Counterpoint is a beautiful way to add another dimension or layer to our jazz comping vocabulary! This lesson is going to cover how I add another melodic layer to some simple II V I ideas. I will also go over how you can use jazz counterpoint as an approach to add fills and movement in a chord melody arrangement. For this, I have included the beginning of the song Stella By Starlight harmonized with this approach.
The II V I examples
In the II V I examples I am using voicings with three notes. This is mostly a practical limitation. Three note voicings are a bit more flexible and easier to keep a melody note sustained while adding another melody.
All the II V I examples are in the key of C major.
Keeping it simple!
The first example has a very simple step-wise top note melody. It is moving from C to B and then stays there.
The counterpoint idea is also a slow stedy moving quarter note melody moving one voice a chord to another voice in the next chord.
Notice that I am using an alternate fingering for the first Dm7 (F triad in fact) This is often necessary to make it possible to play a melody under the top note.
The way you work on making these is to try to play the chord voicings and then add a scale melody under the top note. I have done this for all the II V I examples in this lesson. The first one is shown here below.
More melodic movement
In the second example Moving into more movement in the top melody. On the Dm7 the top note melody is still just an A. On the G7alt it is a three note walk from #9 via b9 and back. This resolves to the B on the Cmaj7.
The Dm7 and G7(#9) are fairly common voicings. The Cmaj7 is an open voiced Em triad which is not at all far fetched even if we don’t use it as often.
The Example starts with stating the Dm7 chord and then adds a melody to take us to the G7. It is in fact targetting the B. On the G7 the chord is sustained while the top note melody is moving and then immediately after the lower melody continues with a G altered line that resolves to the low G in the Cmaj7 voicing.
As in the first example here is an exercise to find the notes available for these voicings.
A little more activity in the movement!
In the third example I now have movement in the top note melodies of both Dm7 and G7alt.
The Basic voicings are:
The Dm7 melody is moving from F to G and then the lower melodies take over and lead us into the G7(b9) voicing. Here the lowest note is starting a descending melody that leads into another G7 voicing. Here the lower part of the 2nd voicing has a small melodic fragment that encircles the 5th of the last voicing. On the C the inner part of the voicing is moving from the 7th(B) to the 6th(A).
If we turn the last voicing set into an exercise similar to the first two examples we get this:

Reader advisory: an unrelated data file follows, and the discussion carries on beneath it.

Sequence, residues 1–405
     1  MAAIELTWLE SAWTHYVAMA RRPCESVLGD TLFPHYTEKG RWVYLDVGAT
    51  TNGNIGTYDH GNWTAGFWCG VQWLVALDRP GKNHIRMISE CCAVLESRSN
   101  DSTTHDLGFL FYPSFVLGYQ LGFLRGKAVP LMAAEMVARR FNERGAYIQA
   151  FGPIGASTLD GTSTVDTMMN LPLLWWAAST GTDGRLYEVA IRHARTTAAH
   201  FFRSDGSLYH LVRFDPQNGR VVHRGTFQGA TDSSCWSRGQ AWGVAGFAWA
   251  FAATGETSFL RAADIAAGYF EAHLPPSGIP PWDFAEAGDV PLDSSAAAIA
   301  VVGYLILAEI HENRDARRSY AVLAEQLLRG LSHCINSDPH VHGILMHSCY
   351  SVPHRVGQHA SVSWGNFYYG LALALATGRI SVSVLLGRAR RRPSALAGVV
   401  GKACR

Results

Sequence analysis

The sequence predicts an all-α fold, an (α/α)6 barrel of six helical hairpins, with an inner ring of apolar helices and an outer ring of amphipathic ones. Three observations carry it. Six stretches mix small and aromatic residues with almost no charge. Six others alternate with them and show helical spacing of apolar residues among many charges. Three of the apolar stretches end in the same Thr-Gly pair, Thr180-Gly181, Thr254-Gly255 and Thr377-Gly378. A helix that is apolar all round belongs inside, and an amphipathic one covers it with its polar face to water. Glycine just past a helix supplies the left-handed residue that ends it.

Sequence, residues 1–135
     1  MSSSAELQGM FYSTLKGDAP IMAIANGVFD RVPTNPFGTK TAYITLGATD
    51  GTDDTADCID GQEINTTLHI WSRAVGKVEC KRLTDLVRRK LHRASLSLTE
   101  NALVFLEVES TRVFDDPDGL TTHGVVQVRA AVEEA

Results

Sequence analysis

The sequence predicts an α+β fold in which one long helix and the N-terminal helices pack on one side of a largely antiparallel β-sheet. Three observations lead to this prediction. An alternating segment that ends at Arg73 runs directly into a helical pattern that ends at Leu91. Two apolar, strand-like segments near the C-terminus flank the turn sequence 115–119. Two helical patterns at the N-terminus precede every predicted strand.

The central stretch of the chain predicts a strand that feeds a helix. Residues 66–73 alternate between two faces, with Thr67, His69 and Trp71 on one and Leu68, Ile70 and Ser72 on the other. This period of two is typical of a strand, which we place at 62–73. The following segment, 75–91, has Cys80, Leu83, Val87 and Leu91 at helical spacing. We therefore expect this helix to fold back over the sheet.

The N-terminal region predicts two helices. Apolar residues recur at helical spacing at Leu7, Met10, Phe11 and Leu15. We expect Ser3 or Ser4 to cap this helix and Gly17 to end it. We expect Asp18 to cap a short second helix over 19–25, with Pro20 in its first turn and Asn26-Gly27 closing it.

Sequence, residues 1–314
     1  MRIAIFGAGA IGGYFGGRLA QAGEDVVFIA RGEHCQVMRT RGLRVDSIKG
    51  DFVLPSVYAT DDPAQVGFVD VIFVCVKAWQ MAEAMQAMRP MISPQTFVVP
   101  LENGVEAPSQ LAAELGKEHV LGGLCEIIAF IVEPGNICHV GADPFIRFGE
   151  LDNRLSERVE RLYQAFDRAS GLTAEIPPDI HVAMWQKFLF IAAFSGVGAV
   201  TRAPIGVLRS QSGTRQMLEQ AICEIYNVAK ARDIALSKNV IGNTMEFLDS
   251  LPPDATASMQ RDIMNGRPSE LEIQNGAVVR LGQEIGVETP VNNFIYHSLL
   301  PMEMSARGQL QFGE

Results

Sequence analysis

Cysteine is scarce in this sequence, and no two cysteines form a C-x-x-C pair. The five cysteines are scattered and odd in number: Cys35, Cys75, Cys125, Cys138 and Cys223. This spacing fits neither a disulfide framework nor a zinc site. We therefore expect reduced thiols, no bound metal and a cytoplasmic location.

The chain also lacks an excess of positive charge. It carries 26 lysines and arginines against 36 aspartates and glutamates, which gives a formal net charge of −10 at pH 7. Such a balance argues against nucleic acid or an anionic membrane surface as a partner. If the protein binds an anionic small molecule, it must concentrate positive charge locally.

Getting your priorities straight
You should keep in mind that once you start playing the counter melody then you don’t need to try really hard to sustain the chord (if you played one) the collected amount of pitches and the melody should be enough to spell out the sound of the harmony. This also makes it technically a lot easier to work with.
Chord Melody on Stella By Starlight
The idea I am using in this fragment from Stella by Starlight is to use the main melody as the top note melody and then make a counter melody whenever there is a long note in the melody.
On the Em7b5 the counter melody is purely consisting of arpeggio notes. This will happen a few times in these few bars. On the A7 the melody is moving so I don’t add a counter melody.
The Cm7 transition to F7 with a small melody that uses a chromatic approach to the 3rd(A) of F7. On the Fm7 the melody is a sustained G. Under this, I add an Fm7 arpeggio melody that takes us into the Bb7. From Bb7 to Ebmaj7 the melody is moving.
On the Ebmaj7 I add a melody that takes us down to the Ab7 by playing a descending Cm Coltrane Pattern.
Taking Jazz Counterpoint to another level!
In the examples that I used for this lesson I am playing the chord on the one of each bar to associate the counter melody with the chord. But of course it is possible to leave the chord out and just rely on two layers of melody moving around. As a short example that I play of this in the video is shown below:
A few concluding thoughts
My examples in this video are a bit busy and maybe not entirely suited for comping, but I thought it better to really emphasize the melodic movement and the two layers. You will probably use this in a more sparse way, at least I do, but it is anyway fun to work with!
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